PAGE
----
Posted in democracy, governance, institutions, politics by jrahman on August 30, 2015

If only we had the right leader….

If only Bangabandhu (or Zia) had lived….  

If only we had a Mahathir….  

I am sure you can finish the sentence with all sorts of claims about how Bangladesh would have been, or could still be, a much better place with better leadership.  Never mind the fact that all things considered, Bangladesh might actually have done more-than-okay.  To many of our chattering classes, we’re doomed because we haven’t been blessed with the right leader.

How much does leadership matter?

In one sense, a lot.  Janan Ganesh put it this way in a widely read recent Financial Times article:

Leadership is to politics what productivity is to economics: not quite the only thing that matters but almost. A party with a good frontman or woman can afford to get everything else wrong, and probably will not. Most other variables — policy, strategy, organisation — flow from the leader.

He goes on to say:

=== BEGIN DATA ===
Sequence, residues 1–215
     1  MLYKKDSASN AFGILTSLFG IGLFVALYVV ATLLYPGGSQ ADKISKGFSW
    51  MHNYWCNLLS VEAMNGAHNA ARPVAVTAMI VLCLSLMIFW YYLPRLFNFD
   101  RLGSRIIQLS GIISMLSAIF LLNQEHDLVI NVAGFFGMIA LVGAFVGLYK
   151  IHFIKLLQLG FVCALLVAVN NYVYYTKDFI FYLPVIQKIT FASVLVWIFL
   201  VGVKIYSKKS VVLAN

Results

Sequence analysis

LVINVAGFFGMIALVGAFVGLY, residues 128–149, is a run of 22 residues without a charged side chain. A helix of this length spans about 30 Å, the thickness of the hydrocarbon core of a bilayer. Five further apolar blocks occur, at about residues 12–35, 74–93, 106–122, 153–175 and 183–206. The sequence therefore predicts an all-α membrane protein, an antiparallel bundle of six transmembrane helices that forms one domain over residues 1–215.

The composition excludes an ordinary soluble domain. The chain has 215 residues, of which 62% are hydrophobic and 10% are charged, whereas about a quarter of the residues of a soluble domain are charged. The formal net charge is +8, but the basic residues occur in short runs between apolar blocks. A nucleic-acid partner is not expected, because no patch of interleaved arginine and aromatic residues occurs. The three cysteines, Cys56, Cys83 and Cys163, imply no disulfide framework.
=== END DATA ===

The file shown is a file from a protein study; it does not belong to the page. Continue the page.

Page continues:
All democracies are presidential. Some, such as France and America, make it official; others, such as Britain and Canada, drape theirs in a parliamentary cloak. Voters are not just slaves to the teleologic drive of history. They judge a party — its competence, its comprehension of the national mood — by its leader, and pitilessly weed out anyone who falls short. Politics is more Darwinian than Marxist.

His piece is ostensibly about the British Prime Minister David Cameron, but the argument can be applied more generally.  In our own history, actions of individual leaders arguably mattered more than any notion of historical inevitability.  Never mind Sheikh Mujibur Rahman or Ziaur Rahman — if Sarat Chandra Bose had broken with Congress hierarchy and joined forces with AK Fazlul Huq, the latter might not have gone to Lahore in March 1940 and the map of our part of the world might have looked very different.  Or it might not have.  Parlour games of ‘what ifs’ this post is not about.